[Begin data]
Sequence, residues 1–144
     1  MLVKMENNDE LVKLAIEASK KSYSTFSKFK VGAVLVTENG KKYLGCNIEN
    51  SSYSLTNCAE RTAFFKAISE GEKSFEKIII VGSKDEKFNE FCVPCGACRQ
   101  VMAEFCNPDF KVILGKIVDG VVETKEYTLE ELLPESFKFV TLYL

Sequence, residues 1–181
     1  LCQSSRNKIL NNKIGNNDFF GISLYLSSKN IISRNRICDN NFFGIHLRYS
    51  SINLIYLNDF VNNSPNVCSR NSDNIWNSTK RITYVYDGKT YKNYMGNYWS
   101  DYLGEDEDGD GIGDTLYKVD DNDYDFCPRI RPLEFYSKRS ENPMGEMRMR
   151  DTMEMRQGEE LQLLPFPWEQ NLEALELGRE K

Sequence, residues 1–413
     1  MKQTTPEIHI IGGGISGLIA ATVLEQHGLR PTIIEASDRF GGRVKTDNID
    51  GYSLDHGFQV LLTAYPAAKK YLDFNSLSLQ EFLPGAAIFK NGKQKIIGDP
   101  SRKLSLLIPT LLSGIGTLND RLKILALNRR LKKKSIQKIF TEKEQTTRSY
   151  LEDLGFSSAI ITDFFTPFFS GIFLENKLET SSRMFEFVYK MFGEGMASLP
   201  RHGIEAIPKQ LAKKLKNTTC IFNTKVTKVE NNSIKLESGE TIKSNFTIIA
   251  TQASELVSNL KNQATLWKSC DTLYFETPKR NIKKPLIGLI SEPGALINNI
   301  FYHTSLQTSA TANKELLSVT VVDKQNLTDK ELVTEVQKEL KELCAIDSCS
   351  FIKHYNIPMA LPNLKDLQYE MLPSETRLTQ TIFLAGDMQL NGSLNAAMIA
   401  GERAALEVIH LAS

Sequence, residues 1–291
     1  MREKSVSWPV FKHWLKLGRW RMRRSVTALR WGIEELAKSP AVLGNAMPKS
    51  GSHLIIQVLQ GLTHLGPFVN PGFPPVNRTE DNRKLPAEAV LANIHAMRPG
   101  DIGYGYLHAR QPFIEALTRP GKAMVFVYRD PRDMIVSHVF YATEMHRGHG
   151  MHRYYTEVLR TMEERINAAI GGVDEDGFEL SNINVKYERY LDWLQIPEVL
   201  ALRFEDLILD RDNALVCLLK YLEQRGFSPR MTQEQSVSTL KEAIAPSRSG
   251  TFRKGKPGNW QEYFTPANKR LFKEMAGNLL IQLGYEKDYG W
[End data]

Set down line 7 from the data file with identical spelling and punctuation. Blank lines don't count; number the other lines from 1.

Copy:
    51  SINLIYLNDF VNNSPNVCSR NSDNIWNSTK RITYVYDGKT YKNYMGNYWS